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Farmers are calling for a compensation scheme if beavers damage their land, following the Scottish Government’s announcement to expand the beaver population.
The Scottish Government has announced it ‘will actively support the expansion of the beaver population, promoting translocation, which involves safely trapping and moving beavers to a more suitable area.
‘This will reduce or avoid negative impacts and help establish beaver presence in areas of Scotland outside their current range, beyond where natural expansion would be expected to reach in the short term.’
Biodiversity Minister Lorna Slater said: ‘Beavers were driven to extinction in Scotland but have now become an established part of our environment in some areas following their re-introduction.
‘Restoring this lost species is important in its own right, but beavers will also contribute to restoring Scotland’s natural environment as they create wetland habitats that support a range of species. Their dams can also help filter sediment from watercourses and mitigate flooding.’
The National Farmers Union (NFU) in Scotland was ‘disappointed’ by the move, arguing it ‘could undermine our members’ ability to produce healthy, sustainable food and preserve our historical features such as floodbanks’.
NFU Scotland president Martin Kennedy said: ‘NFU Scotland believes in the natural expansion of the growing beaver population in Scotland, rather than the need for translocation.
‘The NatureScot survey results from earlier this year showed a significant and accelerating increase in beaver numbers and territories – from 114 territories in 2017 to 251 territories in 2020.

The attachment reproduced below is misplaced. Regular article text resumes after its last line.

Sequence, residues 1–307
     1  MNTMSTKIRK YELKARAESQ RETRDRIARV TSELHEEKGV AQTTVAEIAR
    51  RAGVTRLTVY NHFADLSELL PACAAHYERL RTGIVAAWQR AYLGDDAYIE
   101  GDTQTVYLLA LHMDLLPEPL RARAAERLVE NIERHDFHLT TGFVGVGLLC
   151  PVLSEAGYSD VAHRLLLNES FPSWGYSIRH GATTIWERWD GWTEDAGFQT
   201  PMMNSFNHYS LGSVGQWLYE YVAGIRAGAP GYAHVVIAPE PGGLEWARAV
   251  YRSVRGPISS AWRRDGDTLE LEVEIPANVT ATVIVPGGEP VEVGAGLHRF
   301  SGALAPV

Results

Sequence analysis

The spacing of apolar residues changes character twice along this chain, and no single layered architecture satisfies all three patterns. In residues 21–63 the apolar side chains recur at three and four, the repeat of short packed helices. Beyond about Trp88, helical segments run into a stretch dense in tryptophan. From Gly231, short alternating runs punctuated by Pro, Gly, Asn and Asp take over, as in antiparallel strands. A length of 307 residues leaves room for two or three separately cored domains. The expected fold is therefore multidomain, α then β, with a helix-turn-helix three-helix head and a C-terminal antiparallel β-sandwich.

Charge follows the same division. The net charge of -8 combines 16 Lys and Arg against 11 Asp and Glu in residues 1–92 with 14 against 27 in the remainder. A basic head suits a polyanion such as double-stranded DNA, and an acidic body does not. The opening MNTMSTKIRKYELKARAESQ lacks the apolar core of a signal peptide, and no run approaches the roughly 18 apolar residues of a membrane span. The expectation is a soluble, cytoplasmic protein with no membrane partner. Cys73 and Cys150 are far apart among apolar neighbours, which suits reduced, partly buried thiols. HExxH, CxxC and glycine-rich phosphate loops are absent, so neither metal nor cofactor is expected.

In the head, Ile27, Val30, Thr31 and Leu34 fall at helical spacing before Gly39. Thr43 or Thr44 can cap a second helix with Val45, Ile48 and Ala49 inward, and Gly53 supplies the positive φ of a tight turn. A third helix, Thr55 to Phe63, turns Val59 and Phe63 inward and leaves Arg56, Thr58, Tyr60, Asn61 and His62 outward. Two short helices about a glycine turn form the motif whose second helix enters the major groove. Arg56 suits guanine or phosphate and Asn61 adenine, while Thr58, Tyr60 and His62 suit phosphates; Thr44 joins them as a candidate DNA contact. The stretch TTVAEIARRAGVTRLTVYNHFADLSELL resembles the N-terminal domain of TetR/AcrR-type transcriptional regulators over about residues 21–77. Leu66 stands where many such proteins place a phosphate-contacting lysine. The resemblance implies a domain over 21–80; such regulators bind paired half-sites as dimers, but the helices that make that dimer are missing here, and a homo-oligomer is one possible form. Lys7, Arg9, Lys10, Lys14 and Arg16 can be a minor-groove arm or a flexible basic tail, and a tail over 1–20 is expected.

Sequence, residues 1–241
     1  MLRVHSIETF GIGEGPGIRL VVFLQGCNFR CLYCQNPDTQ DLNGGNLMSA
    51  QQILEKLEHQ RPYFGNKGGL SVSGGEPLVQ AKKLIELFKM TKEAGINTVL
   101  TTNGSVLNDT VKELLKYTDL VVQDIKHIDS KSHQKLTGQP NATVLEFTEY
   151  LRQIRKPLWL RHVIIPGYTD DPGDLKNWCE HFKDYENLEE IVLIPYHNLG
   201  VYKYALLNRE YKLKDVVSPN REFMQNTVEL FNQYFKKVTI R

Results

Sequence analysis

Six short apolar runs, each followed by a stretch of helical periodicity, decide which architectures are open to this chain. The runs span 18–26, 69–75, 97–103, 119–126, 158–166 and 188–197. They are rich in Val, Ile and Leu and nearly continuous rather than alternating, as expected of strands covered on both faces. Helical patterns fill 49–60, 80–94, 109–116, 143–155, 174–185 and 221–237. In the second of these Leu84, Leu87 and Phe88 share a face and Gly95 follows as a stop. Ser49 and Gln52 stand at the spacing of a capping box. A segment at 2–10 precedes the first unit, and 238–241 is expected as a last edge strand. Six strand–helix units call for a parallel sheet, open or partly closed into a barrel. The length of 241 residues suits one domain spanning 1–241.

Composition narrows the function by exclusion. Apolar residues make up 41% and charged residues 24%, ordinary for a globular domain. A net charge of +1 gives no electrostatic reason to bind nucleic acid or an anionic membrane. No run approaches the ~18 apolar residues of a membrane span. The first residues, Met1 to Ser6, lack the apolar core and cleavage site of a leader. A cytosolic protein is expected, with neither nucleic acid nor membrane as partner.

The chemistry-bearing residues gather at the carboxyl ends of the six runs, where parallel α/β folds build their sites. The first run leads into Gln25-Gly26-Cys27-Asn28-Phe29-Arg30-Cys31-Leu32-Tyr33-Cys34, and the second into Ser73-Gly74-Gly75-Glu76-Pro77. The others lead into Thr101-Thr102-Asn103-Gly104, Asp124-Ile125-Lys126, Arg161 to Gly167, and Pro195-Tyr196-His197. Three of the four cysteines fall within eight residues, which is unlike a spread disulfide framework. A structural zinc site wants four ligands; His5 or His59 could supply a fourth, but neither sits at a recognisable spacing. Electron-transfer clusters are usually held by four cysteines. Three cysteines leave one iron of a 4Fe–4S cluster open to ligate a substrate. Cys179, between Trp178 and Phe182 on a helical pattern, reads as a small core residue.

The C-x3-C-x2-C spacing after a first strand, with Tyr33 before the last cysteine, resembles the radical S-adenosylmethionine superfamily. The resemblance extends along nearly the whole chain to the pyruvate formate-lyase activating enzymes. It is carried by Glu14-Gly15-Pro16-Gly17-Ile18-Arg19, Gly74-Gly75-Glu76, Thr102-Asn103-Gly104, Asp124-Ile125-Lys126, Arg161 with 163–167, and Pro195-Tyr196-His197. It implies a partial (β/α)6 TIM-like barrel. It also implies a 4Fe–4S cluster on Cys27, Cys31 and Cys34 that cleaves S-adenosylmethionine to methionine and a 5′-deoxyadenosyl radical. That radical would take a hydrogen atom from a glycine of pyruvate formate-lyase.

‘These results provide unequivocal evidence of beavers in Scotland being a conservation and re-introduction success story, without the need for translocation, within a management framework that operated in the interests of beavers and wider biodiversity, whilst limiting the damage to valuable agricultural land.
‘It is important we sensitively manage wildlife to benefit and improve our biodiversity in balance with our need to produce food and keep the nation fed. Beavers, in the wrong areas, are proven to cause significant and costly agricultural damage.
‘In light of this announcement, the Scottish Government must ensure that a fully funded standalone mitigation scheme can be accessed by everyone who wishes to prevent future beaver damage on their land, alongside a fully funded compensation scheme for those who have been adversely affected.’
Chief executive of rewilding campaign group Trees for Life, Steve Micklewright, said: ‘This is a rewilding win for Scotland’s wildlife, climate and farmers. After almost half a millennium, the country is set to welcome beavers back properly at last.
‘Allowing these habitat-creating, biodiversity-boosting, flood-preventing animals to be relocated across Scotland – to where they are needed and wanted, away from prime agricultural land, and in a way that works for farmers – offers hope for tackling the nature and climate emergencies.’
In November, a second site for re-introducing beavers was announced by NatureScot – the first new one since beavers were brought to Knapdale in Argyll.
The new site is in the Forth catchment area, northeast of Doune at Argaty, on the edge of the current range for beavers in Scotland.
The protected species licence will allow beavers to be trapped and taken from areas where they are causing serious agricultural damage for farmers and where mitigation measures have not been successful or are not possible.